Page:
Researchers from the British Antarctic Survey (BAS) have uncovered a novel way to locate the world’s largest penguin’s breeding sites, employing satellite imagery they seek out emperor penguin guano, droppings which show up starkly on the otherwise unsullied white sea ice of Antarctica.
Searching for the penguins themselves had proven too difficult, since the birds’ black-and-white coloring allowed them to blend in with the shadows made by the ice. The penguin droppings however are light-brown—a colors that has no other source on sea ice, besides guano.
In the center of this image is a light-brown stain marking an emperor penguin colony. This detail of a true-color image was acquired by NASA’s Landsat 7 satellite on December 4, 2002. Photo courtesy of NASA.
Emperor penguins Aptenodytes forsteri have a truly unique natural history. Unlike other penguins that breed on land, emperor penguins breed on sea ice in the dead of the Antarctic winter. This behavior may make them vulnerable to future climate change: earlier spring thaws caused by warming could leave penguin chicks stranded on sea ice.
Scientists have been trying to get an accurate count of the emperor penguin population to predict how vulnerable the birds may be to climate change, and the guano seen from space may be the key. The BAS team were able to identify 38 emperor penguin colonies from guano markings; this is four more than previous studies have found. Sixteen of the colonies are north of 70 degrees south, which could put them in the danger zone if spring melt begins occurring earlier, as is expected.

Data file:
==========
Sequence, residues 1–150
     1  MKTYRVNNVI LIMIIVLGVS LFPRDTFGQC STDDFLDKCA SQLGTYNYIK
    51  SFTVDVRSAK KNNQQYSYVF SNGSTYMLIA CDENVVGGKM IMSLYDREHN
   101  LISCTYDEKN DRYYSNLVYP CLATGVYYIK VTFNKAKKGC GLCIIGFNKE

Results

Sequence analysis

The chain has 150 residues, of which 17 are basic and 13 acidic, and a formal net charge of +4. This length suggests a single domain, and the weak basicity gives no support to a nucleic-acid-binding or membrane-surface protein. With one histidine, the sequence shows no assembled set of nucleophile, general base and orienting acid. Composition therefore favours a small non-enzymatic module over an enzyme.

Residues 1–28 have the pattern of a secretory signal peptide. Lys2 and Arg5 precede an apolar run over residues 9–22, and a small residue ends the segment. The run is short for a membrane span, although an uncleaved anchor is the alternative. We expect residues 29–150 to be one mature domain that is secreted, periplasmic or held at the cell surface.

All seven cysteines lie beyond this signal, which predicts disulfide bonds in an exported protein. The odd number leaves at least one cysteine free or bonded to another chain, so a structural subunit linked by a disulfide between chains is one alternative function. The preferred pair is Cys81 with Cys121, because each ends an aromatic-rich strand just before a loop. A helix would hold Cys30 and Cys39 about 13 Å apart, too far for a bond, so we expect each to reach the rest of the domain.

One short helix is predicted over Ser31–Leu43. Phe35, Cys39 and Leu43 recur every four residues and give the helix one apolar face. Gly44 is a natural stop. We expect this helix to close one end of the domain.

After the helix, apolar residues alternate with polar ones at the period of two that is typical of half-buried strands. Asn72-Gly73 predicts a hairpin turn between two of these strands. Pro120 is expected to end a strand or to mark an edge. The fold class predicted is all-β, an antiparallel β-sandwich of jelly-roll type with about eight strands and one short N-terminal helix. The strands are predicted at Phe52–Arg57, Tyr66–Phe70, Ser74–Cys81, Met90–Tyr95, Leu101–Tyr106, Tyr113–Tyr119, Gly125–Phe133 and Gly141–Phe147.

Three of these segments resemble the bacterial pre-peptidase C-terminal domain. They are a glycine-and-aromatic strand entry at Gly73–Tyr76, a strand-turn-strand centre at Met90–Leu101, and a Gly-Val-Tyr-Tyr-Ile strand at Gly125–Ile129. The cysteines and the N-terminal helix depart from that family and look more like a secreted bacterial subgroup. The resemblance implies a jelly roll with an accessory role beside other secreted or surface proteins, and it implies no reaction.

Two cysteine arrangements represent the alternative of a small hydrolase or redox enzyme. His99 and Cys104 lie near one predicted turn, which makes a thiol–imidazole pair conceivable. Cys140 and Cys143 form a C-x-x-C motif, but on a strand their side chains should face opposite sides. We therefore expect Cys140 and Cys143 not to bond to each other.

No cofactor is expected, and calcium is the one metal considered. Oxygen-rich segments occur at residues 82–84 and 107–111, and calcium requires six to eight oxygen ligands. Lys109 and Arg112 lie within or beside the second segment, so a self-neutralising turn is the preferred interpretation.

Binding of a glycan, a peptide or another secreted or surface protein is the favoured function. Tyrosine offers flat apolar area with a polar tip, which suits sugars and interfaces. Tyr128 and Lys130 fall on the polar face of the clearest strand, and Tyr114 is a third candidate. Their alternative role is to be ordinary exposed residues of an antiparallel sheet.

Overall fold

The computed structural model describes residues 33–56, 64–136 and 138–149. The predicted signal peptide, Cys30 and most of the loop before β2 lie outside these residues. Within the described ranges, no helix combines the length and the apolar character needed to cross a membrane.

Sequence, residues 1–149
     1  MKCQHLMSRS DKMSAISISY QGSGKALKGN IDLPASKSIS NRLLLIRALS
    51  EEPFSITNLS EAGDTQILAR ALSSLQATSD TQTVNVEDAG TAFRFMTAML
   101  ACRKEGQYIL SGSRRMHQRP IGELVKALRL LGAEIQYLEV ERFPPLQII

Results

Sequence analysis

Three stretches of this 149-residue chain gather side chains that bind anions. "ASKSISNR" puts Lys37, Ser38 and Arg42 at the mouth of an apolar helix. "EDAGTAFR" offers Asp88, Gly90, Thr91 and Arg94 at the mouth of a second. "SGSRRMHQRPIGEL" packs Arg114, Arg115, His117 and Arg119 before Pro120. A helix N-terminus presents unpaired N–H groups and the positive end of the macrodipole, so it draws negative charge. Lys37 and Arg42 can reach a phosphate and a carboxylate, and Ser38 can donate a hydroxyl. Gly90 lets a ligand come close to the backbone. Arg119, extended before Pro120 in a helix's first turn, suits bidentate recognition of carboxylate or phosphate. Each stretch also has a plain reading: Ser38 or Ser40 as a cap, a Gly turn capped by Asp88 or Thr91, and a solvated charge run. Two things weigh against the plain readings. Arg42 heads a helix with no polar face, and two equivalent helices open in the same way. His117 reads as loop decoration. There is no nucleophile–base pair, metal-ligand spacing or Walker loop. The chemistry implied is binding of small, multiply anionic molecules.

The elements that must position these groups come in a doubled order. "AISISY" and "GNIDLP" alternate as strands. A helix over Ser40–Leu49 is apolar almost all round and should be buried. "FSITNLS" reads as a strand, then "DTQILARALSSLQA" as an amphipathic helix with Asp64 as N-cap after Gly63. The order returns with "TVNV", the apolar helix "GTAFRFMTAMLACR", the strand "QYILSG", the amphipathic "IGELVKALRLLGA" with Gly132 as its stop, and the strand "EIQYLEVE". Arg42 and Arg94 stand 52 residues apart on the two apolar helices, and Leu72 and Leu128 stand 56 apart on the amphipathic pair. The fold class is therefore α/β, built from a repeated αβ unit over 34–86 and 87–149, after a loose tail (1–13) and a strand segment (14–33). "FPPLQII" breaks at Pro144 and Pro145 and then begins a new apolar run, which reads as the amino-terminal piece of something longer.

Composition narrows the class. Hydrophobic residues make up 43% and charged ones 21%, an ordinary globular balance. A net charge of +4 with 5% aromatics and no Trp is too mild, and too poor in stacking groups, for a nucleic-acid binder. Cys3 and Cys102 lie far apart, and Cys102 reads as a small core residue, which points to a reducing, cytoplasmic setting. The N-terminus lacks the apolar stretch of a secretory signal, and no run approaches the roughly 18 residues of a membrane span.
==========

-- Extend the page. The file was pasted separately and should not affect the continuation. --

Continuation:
The BAS researchers caution, however, that more work needs to be done to determine how vulnerable this magnificent species will be to future warming.
The satellite image, with the guano-marked ice at center, is roughly 77.3 degrees south and 33.7 degrees west, falling on part of Antarctica’s Luitpold Coast due east of the Filchner Ice Shelf. Photo courtesy of NASA.
(01/27/2009) Disappearing sea ice around Antarctica may put emperor penguins at risk of extinction within the next century, warn scientists writing in this week’s Proceedings of the National Academy of Sciences.
(11/19/2008) Researching one of the world’s most endangered penguins in New Zealand, the yellow-eyed penguin, has led to a remarkable discovery. DNA from 500-year-old penguin fossils has shown that the country was once home to not just one penguin species, but two. The DNA has resurrected an unknown extinct penguin, which researchers have named the Waitaha Penguin.
(10/10/2008) More than half Antarctica’s penguin colonies are at risk by a 2-degree global rise in temperatures, according to a report released by the environmental group WWF.